Report of the Chief of Engineers U.S. Army

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U.S. Government Printing Office, 1877

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Page 957 - ... 7. As far as practicable, what amount of commerce and navigation would be benefited by the completion of each particular work.
Page 978 - Improvement. [Compiled from the annual report of the Chief of Engineers for the fiscal year ending June 30, 1914.] LOCALITY.
Page 1433 - I have the honor to submit my annual report for the year ending June 30, 1877. The discharge of the office employés at the close of the preceding fiscal year stopped the drawing- of four important maps, which have been much needed. This will necessitate the redrawing of these maps, as other draughtsmen cannot finish them. It has been impossible to meet the frequent demand for maps. The troops have been actively employed throughout the year, in parts of the division, in operations against the Indians.
Page 1019 - Portland, Oreg., in August last to consider the project of Maj. John M. Wilson, of the Corps of Engineers, for the improvement of the Lower Willamette and Columbia Rivers, from Portland to the sea. After personally examining these rivers and Major Wilson's charts and project, the Board presented a preliminary report under date of August...
Page 1025 - JOHN M. WILSON, Major of Engineers. Brig. Gen. AA HUMPHREYS, Chief of Engineers, U. 8. A. LETTER OF THE CHIEF OF ENGINEERS. OFFICE OF THE CHIEF OF ENGINEERS, Washington, DC, May '21, 1877.
Page 928 - Government, and of the piers, breakwaters, docks, wharves, buildings, and other improvements made by the United States appertaining to said harbor of refuge, and to facilitate the use thereof, including the channels of and approaches to said harbor of refuge, so far as may be necessary to the protection and use of said harbor and the improvements aforesaid ; and said Secretary of War. for the purpose aforesaid, and for...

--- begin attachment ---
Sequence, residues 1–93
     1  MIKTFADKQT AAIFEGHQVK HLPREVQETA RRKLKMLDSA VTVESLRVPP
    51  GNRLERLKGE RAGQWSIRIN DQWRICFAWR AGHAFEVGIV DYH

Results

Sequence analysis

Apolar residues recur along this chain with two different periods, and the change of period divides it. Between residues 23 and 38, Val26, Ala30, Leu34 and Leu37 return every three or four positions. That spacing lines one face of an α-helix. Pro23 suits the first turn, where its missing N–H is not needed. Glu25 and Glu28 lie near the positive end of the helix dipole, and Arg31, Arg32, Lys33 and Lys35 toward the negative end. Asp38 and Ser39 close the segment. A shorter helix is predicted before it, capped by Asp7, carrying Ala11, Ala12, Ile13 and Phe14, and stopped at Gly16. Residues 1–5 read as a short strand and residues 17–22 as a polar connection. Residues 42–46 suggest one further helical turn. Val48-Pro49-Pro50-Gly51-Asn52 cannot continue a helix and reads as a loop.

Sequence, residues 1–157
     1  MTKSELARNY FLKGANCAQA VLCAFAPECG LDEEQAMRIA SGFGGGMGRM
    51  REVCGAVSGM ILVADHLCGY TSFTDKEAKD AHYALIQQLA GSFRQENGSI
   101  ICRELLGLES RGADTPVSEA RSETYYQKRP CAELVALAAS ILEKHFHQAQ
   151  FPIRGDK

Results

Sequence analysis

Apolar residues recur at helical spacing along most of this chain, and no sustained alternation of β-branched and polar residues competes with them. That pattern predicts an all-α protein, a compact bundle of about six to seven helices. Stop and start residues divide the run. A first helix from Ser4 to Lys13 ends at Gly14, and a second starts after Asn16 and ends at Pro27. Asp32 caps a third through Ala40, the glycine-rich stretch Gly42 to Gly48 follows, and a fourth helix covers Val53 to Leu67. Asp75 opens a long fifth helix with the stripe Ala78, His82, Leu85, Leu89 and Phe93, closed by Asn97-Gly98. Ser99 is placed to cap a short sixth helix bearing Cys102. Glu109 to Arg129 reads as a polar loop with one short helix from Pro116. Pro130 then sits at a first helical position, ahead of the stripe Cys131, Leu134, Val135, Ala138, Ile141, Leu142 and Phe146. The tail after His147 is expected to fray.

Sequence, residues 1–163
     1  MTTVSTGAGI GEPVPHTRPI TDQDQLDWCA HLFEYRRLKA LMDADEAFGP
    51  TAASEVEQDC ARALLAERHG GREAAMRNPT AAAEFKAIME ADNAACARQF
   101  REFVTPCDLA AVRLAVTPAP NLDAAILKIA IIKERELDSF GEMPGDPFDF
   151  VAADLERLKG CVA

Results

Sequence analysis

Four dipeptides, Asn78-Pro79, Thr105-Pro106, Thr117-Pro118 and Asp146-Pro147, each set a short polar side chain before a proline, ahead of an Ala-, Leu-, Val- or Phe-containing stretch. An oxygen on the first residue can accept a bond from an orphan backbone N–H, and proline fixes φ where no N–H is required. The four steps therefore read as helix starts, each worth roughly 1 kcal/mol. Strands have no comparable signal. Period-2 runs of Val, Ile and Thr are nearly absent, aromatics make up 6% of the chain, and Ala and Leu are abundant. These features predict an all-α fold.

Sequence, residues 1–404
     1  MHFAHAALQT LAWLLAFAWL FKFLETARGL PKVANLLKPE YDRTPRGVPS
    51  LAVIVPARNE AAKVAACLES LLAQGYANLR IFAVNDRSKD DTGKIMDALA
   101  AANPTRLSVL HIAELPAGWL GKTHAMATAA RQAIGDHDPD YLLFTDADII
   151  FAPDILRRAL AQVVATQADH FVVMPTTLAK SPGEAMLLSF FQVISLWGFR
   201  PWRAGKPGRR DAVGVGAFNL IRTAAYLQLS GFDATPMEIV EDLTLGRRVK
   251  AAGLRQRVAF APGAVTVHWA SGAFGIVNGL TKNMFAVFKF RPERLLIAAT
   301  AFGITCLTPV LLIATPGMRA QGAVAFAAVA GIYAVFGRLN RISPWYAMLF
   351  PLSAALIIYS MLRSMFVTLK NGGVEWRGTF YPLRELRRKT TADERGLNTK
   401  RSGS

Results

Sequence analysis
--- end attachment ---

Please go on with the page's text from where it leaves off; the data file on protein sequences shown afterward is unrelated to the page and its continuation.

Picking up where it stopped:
Page 1093 - SIR : I have the honor to inclose a copy of a letter which I have thought it proper to send to chairmen of some committees of Congress.
Page 1052 - Hassler, the' weather was very moderate, with only the usual summer wind from the northwest, vet, although there was 20 feet of water on the bar at the time, the pilot refused to take in the Hassler, drawing only 12 feet of water at the time, stating that he could not do so without running the risk of the vessel striking the bottom and her possible loss in the breakers. The shores on both sides of the entrance are low and sandy, and there is no stone in the immediate vicinity. The only way, as it...
Page 933 - ... feet. Above that the river is entirely useless for vessels, there being in some places only 3 feet of water. This state of affairs has been caused by the gradual encroachment on and changing of the channel by the lumbermen in driving piles, building docks, cutting passages through the river banks for their own convenience in reaching their mills with their logs, in fact using the river in every way as if it were their own private property and not a common highway. As a general thing the river...
Page 1424 - ... cliffs and spires, their castellated hills and cathedral ruins, red, and red, and red, are again encountered in the smaller tributaries, until the red sandstone goes under the surface, and the chalky tops of the canon walls are found from one to the other until they too disappear, the very water-courses cease to be, and the unbroken prairie reigns supreme. Again the series of strata which do form the field for study are vaguely coarse and unattractive, upon close inspection, and the absence of...

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